In many cases, products gain functionality as the result of mergers or acquisitions, both of which are increasingly common in the space. The GE takeover of Millbrook in 2003 was an early example. More recently, McKesson purchased management systems vendor Per-Sé in a deal that closed in January. Last month, Canadian EMR vendor Nightingale Informatix announced plans to buy VantageMed, a Rancho Cordoba, Calif., company that provides practice management software and services to 18,000 U.S. clinicians. And Boston-based software firm MedAptus recently has integrated its charge-capture features into the ambulatory EMR and practice management products of Misys Healthcare Systems (Raleigh, N.C.).
Of the current 800 practice management vendors, a percentage of them are billing services. “Basically, they are practice management services where the software resides somewhere else,” Hudson explains.
Called application service providers (ASP) and, more recently, software as a service (SaaS), these types of software are gaining ground. Research firm Gartner predicts that 25 percent of all new business software — though not necessarily in healthcare — sold in 2011 will be delivered as a service, up from 5 percent in 2005.
ASP was the darling of the health-IT industry early this decade, but fell out of favor partly because of Internet security concerns. “There’s a trust barrier of choosing a service,” says Jonathan Bush, chairman and chief executive of athenahealth, a Watertown, Mass., company that offers practice management services and bills itself as a “virtual back office” for medical practices.
The desire for that sort of back office is growing. The market for outsourcing has started to rebound somewhat. “Not in a booming way, but it’s coming back,” Hudson says.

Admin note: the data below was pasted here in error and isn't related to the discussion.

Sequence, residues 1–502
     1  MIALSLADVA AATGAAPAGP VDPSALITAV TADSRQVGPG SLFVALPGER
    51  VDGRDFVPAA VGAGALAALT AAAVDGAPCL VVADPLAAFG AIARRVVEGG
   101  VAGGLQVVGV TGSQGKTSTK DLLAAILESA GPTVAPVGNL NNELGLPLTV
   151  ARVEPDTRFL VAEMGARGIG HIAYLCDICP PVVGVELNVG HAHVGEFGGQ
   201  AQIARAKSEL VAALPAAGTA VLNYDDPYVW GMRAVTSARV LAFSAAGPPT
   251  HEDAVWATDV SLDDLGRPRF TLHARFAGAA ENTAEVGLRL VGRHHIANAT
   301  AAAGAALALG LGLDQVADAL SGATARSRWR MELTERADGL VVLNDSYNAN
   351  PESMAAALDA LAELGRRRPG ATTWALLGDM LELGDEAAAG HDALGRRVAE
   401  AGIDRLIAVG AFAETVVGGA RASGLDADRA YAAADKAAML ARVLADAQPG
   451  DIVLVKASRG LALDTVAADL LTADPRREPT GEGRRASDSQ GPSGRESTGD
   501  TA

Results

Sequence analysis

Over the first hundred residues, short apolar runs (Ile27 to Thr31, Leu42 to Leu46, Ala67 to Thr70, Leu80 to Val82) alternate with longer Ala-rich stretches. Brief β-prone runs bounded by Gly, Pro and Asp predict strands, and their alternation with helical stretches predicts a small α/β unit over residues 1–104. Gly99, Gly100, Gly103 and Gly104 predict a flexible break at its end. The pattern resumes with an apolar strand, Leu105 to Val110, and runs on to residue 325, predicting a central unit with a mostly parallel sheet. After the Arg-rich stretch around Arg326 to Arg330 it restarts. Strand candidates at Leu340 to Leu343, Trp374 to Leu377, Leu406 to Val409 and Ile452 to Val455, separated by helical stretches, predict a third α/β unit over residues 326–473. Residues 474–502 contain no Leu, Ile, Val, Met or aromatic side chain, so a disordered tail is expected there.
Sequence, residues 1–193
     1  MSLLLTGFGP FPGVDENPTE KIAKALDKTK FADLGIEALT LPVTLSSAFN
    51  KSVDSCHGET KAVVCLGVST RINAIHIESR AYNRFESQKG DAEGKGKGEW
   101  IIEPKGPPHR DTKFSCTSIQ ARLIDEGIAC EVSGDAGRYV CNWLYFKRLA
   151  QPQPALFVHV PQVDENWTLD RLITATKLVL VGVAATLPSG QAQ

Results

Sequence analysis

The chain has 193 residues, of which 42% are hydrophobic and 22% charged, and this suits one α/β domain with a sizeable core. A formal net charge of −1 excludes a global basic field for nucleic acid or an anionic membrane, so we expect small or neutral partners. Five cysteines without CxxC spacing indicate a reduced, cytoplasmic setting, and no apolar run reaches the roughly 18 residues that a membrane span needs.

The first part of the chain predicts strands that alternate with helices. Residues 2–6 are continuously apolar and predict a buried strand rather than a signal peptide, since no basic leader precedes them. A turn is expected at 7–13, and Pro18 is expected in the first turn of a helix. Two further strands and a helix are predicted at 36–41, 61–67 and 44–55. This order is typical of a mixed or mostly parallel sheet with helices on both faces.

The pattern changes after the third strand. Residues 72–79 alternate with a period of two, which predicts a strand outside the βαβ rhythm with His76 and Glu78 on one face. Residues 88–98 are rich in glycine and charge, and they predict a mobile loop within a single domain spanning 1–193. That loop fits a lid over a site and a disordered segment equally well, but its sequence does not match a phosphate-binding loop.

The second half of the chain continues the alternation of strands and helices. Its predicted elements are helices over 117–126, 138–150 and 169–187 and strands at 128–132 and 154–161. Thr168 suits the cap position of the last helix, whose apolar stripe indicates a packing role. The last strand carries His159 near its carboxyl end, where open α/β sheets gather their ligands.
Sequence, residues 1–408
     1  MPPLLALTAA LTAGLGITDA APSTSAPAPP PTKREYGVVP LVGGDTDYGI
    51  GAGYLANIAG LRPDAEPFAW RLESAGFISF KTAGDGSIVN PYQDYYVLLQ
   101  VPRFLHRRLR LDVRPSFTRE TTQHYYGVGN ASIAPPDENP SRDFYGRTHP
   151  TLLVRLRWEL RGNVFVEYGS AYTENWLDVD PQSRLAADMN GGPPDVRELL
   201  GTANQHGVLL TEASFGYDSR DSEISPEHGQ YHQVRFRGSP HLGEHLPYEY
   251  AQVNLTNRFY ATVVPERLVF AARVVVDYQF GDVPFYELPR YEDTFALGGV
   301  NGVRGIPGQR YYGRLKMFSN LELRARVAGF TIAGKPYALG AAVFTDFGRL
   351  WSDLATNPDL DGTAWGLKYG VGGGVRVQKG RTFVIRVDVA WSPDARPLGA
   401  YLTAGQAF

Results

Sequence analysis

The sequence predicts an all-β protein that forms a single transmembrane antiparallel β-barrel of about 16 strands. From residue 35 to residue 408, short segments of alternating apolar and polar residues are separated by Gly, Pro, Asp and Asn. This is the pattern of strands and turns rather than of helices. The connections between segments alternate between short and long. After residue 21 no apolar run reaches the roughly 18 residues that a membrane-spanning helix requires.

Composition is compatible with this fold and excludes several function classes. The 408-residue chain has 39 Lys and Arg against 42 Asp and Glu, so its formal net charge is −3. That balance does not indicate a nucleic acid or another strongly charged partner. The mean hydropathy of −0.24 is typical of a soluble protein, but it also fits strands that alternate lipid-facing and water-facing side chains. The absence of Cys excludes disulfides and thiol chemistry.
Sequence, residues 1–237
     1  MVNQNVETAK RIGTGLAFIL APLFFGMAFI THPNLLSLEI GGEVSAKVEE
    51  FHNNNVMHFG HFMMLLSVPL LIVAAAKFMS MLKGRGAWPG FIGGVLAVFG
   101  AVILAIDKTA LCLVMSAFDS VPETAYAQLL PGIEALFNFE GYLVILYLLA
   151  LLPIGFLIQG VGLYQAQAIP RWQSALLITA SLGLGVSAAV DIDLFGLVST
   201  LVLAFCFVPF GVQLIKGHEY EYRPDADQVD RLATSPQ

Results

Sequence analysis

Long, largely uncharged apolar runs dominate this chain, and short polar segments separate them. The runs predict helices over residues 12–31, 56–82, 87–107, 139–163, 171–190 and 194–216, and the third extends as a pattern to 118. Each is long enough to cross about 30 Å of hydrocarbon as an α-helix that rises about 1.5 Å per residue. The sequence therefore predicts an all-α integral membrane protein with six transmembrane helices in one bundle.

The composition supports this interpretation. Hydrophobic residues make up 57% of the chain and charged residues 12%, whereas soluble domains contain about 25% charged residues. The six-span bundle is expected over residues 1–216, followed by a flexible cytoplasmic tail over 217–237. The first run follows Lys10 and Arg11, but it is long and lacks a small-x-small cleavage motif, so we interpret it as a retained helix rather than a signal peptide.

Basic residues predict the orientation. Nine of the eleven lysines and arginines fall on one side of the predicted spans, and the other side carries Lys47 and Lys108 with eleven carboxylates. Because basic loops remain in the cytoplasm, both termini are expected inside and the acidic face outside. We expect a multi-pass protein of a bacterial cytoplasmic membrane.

That is what Emdeon Corp. was counting on when it sold its Emdeon Practice Services unit to Sage Software for $565 million last fall, in order to concentrate on its lucrative claims processing and billing/coding services for physicians. Sage, meanwhile, launched a new healthcare division around the Intergy EMR and practice management software line.
The common thread is that outsourcing software or services means managing the all-important revenue cycle. “It’s really all a part of collecting dollars,” says Hudson.
“Up-front implementation costs are incredibly low,” Bush says. And set-up and maintenance should be quick and seamless, a crucial consideration for most practices. “You need it up and running on Day 1,” Neurological Associates administrator Roberts says.
An outside service can provide automatic software updates that are all but invisible to the customer contrary to some vendors of in-house practice management systems have had to mail out CD copies of software patches so practices with older versions could have a field to enter the National Provider Identifier that becomes mandatory for HIPAA-standard electronic transactions on May 23, says Bush.
And if there’s any hesitation left, some vendors are effectively removing the sting that comes with an IT transition. Athenahealth is among a newer breed of practice management IT companies that tries to guarantee financial improvement for its clients by assuming the practice’s risk for revenue-cycle management. The company acts as a hedge for its customers against the typical short-term slowdown in productivity that comes from an IT launch. “We put ourselves at risk…by being paid a percentage of [the practice’s] revenues,” Bush says.
Though EMRs still loom large on the horizon, practice management vendors are busy making the current administrative duties much more comfortable.